Sahr MuhammedAlly – a lawyer at Human Rights First in the Law and Security Program – is in Cuba to monitor the proceedings and is reporting back on events as they unfold. She is providing updates of what she observes.
Guantánamo Bay, June 5, 2008: At the arraignment today of five defendants accused of coordinating the September 11 attacks, the focus was not on the defendants’ alleged crimes, but on the trampling of due process and the rule of law, which are the foundations of American justice.
Khalid Sheikh Mohammed, Walid Muhammad Salih Mubarek bin Attash, Ramzi Bin al Shibh, Ali Abdul Aziz Ali (aka Ammar al Baluchi), and Mustafa Ahmed Adam al Hawsawi are alleged to have directly aided, planned or financed the attacks. All are charged with offenses that could carry the death penalty.
The Rush to Arraign and its Effect on Selection of Counsel
Judge Marine Colonel Ralph Kohlmann began the proceedings by asking Mohammed questions about choice of counsel. Civilian defense counsel David Nevins, who had only met with Mohammed for 5 hours two days prior to the arraignment, strenuously objected to the court’s inquiry. He explained that he had not had enough to time to meet with Mohammed to build trust and explain the gravity of the decision regarding representation in capital cases. He also questioned the defendants’ competency. Civilian defense counsel for Al Shibh, Tom Durkin, stood up to echo the same concerns and request a postponement of the arraignment. Judge Kohlmann cut off Nevins and Durkin – two experienced trial lawyers who have handled death penalty cases – telling them to sit down and be silent as he had already made his rulings.
The September 11 Five, and other prisoners held by the CIA, were subjected to enhanced interrogation techniques, including waterboarding, exposure to extreme cold (including induced hypothermia), stress positions, extreme sensory deprivation and overload, shaking, striking, prolonged sleep deprivation, and isolation, among others. CIA director Michael Hayden in February 2008 admitted that Khalid Sheikh Mohammed and two other CIA prisoners were subjected to waterboarding. The September 11 Five, and other CIA prisoners, were subjected to enforced disappearances, and held without access even to the International Committee of the Red Cross (ICRC) for several years until they were brought to Guantánamo on September 6, 2006.
Now their first contact with lawyers is with men and women in military uniform. The uniform creates hurdles in building rapport and gaining trust to facilitate attorney-client relationships. Detailed military counsel were appointed for many of the defendants only in the last month and have spent very few hours with their clients due to delays in getting security clearances. A military counsel for Hawsawi was only granted a security clearance the night before the hearing. Civilian defense counsel have spent even less time with the defendants; most met their clients just two days prior to their arraignment. Yet Judge Kohlmann refused to grant a basic request for an extension. Defense filed two motions for continuances prior to June 5, and both were denied. During the court proceedings, military and civilian defense counsel repeatedly requested continuances. Each request was denied.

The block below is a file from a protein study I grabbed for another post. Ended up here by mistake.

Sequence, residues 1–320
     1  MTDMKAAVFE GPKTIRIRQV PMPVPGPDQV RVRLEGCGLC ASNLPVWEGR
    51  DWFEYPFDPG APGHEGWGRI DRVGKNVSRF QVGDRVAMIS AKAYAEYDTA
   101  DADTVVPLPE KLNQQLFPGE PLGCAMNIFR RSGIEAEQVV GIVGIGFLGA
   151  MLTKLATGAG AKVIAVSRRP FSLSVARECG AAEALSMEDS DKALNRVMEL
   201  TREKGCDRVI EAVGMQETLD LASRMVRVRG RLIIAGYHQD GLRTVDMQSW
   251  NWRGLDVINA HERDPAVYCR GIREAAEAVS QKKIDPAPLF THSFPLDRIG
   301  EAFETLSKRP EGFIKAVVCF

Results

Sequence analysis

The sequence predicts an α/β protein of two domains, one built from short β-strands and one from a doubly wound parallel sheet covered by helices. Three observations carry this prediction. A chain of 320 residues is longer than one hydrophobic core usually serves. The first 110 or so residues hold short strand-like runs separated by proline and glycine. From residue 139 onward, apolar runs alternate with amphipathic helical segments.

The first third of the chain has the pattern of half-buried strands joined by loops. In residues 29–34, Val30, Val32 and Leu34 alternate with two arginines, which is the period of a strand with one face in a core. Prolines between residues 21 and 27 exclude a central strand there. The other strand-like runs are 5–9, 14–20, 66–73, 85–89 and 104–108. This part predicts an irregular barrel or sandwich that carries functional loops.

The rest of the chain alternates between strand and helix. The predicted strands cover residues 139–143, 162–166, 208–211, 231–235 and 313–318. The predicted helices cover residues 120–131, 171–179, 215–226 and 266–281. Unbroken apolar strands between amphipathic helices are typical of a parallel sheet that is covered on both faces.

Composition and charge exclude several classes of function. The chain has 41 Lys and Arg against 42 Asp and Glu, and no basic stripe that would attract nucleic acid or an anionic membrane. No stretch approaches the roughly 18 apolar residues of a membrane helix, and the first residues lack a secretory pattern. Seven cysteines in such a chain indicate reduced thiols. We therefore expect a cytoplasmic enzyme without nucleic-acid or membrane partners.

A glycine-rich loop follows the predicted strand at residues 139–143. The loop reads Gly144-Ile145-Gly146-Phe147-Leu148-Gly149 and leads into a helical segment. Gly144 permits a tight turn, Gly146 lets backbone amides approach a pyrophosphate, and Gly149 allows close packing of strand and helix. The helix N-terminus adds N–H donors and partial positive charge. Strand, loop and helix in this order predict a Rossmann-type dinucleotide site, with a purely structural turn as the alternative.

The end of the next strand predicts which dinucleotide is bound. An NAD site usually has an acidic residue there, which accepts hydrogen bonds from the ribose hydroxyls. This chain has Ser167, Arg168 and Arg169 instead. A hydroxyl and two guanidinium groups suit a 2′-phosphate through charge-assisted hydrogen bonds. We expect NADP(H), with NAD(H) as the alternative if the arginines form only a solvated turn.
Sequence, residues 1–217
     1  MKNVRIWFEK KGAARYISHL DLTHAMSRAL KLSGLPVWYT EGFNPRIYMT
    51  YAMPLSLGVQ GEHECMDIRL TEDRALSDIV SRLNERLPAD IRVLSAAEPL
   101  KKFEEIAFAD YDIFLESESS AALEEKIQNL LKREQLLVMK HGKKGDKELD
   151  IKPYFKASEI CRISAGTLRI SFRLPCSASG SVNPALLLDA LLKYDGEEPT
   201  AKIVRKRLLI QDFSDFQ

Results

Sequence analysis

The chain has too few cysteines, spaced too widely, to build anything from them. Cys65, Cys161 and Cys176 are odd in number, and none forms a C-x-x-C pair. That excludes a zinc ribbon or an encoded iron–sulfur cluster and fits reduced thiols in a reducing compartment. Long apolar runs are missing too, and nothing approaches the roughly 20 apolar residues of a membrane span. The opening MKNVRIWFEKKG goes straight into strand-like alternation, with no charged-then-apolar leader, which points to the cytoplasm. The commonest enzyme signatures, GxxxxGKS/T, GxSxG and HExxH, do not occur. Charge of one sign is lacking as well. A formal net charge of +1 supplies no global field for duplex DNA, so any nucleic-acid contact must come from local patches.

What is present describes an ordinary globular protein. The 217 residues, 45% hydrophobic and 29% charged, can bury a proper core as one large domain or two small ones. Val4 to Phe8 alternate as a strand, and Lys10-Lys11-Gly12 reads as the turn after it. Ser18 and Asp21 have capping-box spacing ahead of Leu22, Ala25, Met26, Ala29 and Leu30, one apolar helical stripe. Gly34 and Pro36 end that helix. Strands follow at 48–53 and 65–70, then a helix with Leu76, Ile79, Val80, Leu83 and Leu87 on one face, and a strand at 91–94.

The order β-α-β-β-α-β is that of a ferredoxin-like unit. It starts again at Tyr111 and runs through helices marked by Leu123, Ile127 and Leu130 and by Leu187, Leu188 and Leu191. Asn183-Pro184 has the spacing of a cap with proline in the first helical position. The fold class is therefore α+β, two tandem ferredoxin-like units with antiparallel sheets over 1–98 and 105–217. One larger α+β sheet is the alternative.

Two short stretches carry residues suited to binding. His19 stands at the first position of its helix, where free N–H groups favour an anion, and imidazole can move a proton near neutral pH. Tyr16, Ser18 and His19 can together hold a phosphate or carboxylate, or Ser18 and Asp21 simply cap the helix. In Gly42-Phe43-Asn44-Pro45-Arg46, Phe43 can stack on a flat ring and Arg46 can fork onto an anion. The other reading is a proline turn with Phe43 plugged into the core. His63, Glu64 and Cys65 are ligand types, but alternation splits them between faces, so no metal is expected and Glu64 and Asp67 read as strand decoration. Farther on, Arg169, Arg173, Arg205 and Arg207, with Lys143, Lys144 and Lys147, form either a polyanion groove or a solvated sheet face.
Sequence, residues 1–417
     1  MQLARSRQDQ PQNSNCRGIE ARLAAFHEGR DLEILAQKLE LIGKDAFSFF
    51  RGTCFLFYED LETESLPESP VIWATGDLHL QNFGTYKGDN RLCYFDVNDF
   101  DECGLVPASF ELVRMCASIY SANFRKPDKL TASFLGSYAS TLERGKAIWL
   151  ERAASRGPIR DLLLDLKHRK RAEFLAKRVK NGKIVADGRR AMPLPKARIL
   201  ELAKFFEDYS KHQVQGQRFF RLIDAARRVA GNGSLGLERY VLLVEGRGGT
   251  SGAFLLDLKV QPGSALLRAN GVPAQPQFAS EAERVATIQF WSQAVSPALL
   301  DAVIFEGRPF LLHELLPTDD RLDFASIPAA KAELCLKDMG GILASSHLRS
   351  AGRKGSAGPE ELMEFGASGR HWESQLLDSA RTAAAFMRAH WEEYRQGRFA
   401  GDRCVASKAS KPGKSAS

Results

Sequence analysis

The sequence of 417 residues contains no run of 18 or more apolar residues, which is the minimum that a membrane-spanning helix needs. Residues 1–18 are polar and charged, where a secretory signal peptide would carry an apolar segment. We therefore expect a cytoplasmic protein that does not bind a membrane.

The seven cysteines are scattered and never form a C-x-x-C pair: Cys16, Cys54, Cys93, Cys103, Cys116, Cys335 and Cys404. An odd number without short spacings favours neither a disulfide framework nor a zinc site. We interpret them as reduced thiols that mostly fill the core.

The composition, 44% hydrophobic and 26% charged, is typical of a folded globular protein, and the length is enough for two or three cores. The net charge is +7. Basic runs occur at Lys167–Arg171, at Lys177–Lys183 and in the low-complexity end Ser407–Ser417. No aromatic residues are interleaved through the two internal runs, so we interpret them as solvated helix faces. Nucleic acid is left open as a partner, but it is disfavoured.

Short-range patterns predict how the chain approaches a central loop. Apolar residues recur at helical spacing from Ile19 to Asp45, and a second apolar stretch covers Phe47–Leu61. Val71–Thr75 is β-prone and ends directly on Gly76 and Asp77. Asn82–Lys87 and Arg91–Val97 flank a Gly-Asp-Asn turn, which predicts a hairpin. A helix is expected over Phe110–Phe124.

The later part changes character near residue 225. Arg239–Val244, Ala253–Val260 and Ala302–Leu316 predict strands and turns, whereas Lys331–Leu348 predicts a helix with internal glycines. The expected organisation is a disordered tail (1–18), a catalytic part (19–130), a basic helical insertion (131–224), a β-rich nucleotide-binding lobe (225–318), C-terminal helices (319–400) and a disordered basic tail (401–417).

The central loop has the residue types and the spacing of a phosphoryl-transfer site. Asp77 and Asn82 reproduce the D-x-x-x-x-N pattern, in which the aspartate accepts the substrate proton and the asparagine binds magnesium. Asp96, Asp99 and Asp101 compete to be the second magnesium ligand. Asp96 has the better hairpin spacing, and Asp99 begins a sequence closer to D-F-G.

The American Bar Association (ABA) guidelines recommend two lawyers with death penalty experience and a mitigation expert in capital cases. At one point, when the judge asked a skeptical al Baluchi about choice of counsel, Ammar al Baluchi asked the court, “If my case is a capital case shouldn’t I have capital defense team before my arraignment?” Judge Kohlmann responded, “This is not a MCA (military commission act) rule.”
Judge Kohmann asked each defendant whether he had read the charges. A few had, but some had not. Each defendant was asked whether he had examined the evidence. Mohammed’s answer was not heard by the public as the audio was turned off. Attash said that some papers were “secret” but he did not know what “secret means.” Al Baluchi said that he has seen the evidence if it was “the information that was forced out of me.”
Al Baluchi told the court that, “Everything that has happened here is unfair and unjust. . . The government is talking about lawyers free of charge. The government also tortured me free of charge all these years. Lawyers are decorative they cannot talk on our behalf. . . But the court already made decision that is behind the desk. This is a stage play. I don’t want anyone to bother with my case.”
When the judge asked each defendant whether he understood that this is a capital case and could result in death, Mohammed and Attash said that they wish to be martyrs. Hawsawi appeared confused and kept asking whether the judge wanted to execute him and said, “you expect me to face death? You expect me to accept punishment when I have not looked at the charges?”
Pressure to Reject Counsel